A Small Korean town’s European affair: Gapyeong

Since my childhood days, I have been fascinated by European towns. Special thanks to ‘The Sound of Music’, that I have watched at least a 100 times. However, with current responsibilities, Europe was way off my chart.

During research on outskirts of Seoul, I came to know of Gapyeong (a county near Seoul). From the images, it seemed like what little bit I had seen of European small towns. After getting the detailed research done, we left for Gapyeong in an early winter morning.

Petite France

                                                               Gapyeong overview from Petite France

Main attraction on the way is iTX, high speed train that takes you to the North-East of Seoul through surrounding hills and mountains. As we went around winter end, the hill tops were still covered in snow. Although there are a lot of tourist spots in Gapyeong, I will mention the ones I have been to.

We got off the iTX at Cheongpyeong station.

Petite FranceUnlike rest of Korea, this area is much simpler. It doesn’t give the ‘tech-y feel’, which you get, almost everywhere else in Korea. Cheongpyeong station is surrounded by simplistic, yet breath-taking natural beauty. It’s like a breath of breezy fresh air. It’s like a small town of Europe in Korea.

You can get Gapyeong tour bus from Cheongpyeong station for any of the tourist spots in that area. In our case, the first pick was ‘Petite France’.

Petite France

Tour Bus leaves from the station bus terminal, quite frequently during the day. You just have to get in and buy tickets from the driver. Ticket charges per person are 5000 Korean won. Make sure to keep the tickets with yourself and show them each time you want to take the tour bus, for or from any stop on the way including your train station. You don’t have to pay for the ticket again.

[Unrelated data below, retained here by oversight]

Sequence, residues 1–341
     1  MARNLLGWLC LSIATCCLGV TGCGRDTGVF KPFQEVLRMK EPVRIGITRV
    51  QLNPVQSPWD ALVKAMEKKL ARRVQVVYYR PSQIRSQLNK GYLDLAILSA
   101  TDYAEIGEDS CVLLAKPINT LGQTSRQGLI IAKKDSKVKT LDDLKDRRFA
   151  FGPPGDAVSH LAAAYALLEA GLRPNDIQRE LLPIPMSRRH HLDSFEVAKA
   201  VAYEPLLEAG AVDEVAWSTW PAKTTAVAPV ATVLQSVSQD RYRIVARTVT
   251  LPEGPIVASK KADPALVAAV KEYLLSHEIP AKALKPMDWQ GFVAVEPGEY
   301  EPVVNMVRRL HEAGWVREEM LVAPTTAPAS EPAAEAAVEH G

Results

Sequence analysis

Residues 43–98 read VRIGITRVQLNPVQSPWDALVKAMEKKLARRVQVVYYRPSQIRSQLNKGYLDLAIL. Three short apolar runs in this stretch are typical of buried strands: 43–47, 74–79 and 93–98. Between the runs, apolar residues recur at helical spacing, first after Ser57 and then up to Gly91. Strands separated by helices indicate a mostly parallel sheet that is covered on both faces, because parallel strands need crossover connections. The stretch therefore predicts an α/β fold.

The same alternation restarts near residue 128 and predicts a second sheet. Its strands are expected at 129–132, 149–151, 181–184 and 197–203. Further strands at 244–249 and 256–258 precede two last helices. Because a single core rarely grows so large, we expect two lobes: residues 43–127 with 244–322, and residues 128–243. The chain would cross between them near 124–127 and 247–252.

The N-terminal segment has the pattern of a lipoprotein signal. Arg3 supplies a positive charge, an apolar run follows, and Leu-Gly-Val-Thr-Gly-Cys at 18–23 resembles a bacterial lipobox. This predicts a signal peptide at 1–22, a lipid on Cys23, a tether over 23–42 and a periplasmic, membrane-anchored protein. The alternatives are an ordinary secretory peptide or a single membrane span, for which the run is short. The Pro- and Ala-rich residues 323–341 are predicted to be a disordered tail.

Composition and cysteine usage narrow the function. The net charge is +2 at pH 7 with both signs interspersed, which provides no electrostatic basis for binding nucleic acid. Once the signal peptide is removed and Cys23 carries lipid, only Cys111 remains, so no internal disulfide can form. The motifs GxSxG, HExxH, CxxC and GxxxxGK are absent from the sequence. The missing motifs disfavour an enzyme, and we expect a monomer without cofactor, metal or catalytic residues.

It takes around 25 minutes to reach Petite France. If you go around winter season, you will witness snow-clad mountains and frozen lakes throughout this little journey. Its “small and white…clean and bright”, till the limit your eyes can see.

And hence you reach ‘Petite France’. Ticket windows are located at the entrance gate. Ticket charges are 8000 KRW each. From there onwards, you enter a colony of flashy vibrant colors. Keeping up to its name, Petite France is a small French Colony located up on a hill in Gapyeong. From what I heard, the components of this colony were actually transferred from a small French village and re-assembled over here.

Petite France

Although the place is not so huge (area-wise), but offers a whole lot of stuff to explore within that limited area. Here you can experience traditional French culture, food, living, music, residence and architecture. All the buildings are made in typical Mediterranean style…high, narrow and colorful. Be it stay over rooms, visitors lounge, souvenir spots, formal dining or casual hangout places; this place has got all that it takes to attract its visitors.